Since his start, Chris Gelinas has fiddled with how best to show his collections that often find their beauty and elegance in the softest and smallest of ways. Last season it seemed the designer had struck gold in the beautiful glassed-in garden of The Park restaurant. Models walked a short runway and then at the end, stood presentation style for closer inspection. It was arguably the designer’s strongest collection (fitting as he was up for the CFDA/Vogue Fashion Fund at the time) and matched with an equally strong show format.
“I was just getting complimented by how intimate and personal last season’s show was but it was a fortune” said CG creative director Chris Gelinas after his Fall 2016 showing. “You can’t do anything in this city, you can’t step out of your door without spending $20 to $50. To try to put on something like this — I’m so fortunate to be a part of the MADE program because I literally couldn’t show otherwise.” This season, the designer showed at Milk Studios but kept the runway first and a short presentation as a finale.
The switch-up no doubt lacked the beautiful ambience of a patio but in no way diminished the strengths of the collection. The runway portion placed an emphasis of the line’s fluidity as gowns flitted by, as well as its duality. One dress looked like a full skirted ball gown from the front but once it had passed, was revealed as a minimal pencil skirt with floating panels. For Gelinas though, it was about the unsung heroes.
“I was thinking about how everyone has made the idea of fashion and fashion shows [into] such a spectator sport and how everyone is about being very loud now,” he said, returning to an idea he’s brought up season after season. “I was thinking of what it meant to have a quiet effect.” The thought led the designer to looking to the insides of garments, their structure and the tailor’s canvas used to line suits. Tailor’s canvas, a beautiful fabric in its own right that Gelinas let shine as the primary fabric in a strapless evening dress.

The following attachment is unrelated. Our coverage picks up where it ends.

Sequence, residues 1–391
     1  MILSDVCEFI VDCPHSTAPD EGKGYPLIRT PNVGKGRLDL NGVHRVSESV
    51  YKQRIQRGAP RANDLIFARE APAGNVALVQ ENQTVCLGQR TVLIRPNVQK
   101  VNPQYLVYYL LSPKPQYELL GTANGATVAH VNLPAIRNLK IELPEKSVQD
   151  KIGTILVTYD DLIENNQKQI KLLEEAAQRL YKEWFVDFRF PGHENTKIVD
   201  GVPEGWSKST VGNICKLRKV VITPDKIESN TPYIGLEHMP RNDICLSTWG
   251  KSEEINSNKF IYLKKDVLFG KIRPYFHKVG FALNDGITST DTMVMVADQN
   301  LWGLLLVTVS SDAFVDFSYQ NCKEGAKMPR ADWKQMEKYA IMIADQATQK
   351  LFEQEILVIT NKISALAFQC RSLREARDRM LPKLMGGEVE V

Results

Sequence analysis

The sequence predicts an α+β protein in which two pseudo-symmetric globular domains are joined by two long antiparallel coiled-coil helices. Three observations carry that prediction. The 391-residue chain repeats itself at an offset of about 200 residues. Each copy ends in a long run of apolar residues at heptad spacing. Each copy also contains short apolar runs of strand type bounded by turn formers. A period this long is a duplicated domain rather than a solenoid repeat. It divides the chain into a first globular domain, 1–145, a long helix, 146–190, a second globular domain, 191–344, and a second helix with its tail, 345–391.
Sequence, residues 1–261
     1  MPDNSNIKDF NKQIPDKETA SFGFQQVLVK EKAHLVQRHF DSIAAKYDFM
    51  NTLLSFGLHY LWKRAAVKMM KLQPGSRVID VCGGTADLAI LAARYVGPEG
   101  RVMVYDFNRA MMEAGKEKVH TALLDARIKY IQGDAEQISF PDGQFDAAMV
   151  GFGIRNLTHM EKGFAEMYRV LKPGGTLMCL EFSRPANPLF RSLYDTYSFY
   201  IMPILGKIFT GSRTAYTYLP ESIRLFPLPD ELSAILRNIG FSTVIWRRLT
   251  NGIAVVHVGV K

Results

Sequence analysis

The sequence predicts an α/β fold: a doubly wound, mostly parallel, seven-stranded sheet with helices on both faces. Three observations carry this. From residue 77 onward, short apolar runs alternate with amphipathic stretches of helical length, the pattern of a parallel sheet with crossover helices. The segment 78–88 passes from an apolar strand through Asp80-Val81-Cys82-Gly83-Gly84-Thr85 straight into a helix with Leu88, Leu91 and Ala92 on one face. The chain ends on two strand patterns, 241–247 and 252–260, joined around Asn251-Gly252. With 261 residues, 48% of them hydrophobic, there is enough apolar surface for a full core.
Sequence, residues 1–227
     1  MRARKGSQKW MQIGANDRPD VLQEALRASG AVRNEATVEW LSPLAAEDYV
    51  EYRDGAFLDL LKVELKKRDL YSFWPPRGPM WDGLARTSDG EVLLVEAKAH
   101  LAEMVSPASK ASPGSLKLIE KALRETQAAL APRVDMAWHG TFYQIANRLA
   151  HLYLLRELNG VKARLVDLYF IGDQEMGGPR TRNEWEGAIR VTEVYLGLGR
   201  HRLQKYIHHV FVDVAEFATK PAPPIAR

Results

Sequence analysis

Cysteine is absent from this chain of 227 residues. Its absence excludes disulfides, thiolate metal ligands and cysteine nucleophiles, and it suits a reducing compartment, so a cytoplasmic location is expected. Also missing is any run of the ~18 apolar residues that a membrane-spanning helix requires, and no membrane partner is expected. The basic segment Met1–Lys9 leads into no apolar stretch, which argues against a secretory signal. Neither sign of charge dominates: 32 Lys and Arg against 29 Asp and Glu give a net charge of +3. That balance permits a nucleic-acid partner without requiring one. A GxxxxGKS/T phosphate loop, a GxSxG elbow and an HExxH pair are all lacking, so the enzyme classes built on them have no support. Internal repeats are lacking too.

As always, the range was an evolution for the Canadian, reworking ideas he’d introduced in seasons past, like a yoke neck that sits high on the chest and settles on the natural shoulder and buttoned seams that could be undone to the wearer’s fancy. It’s a slow approach to design, a gradual evolution and refinement that is often lost on today’s generation, particularly as designers begin to alter the fashion calendar to provide apparel simultaneously with shows.
“Why?!” Gelinas asks when the topic of “see now, buy now” comes up. “I haven’t had a reaction yet; I haven’t seen what people think. My clients haven’t said ‘I love this, maybe that’s not for me’” He explained. “You know, [the whole collection] can’t all be hits, you’re lucky if in one season you have a couple pieces that clients go crazy for.”
The critique is a valid one. Six month lead times give designers the opportunity to sift through their collections with the aid of buyers, editors and private clients and really see which pieces are worth putting into production. The idea of producing products right off, will likely leave a lot of product on the floor that designers misjudged interest in.
“We look at and idolize these certain eras of design like mid-century modernism and neoclassicism as amazing period,” Gelinas continued. “When people look back at today’s design are they going to say ‘Wow that was so well crafted’ or is it, ‘Wow, they could buy it five minutes after the show’? I’m scared to see what the Museum of Design will look like in 50 years.”
Instead of an abundance of product, the former LVMH Prize finalist just hopes to make the right pieces, ones that women actually want to buy. “You know, if [not selling right after the show] automatically puts me at a certain level of business, that’s the level I want to be at,” he said. “I don’t need to have 200 employees and be in 200 doors with 5,000 pieces of merchandise floating around the world. For me it’s about quality over quantity and good design takes time.”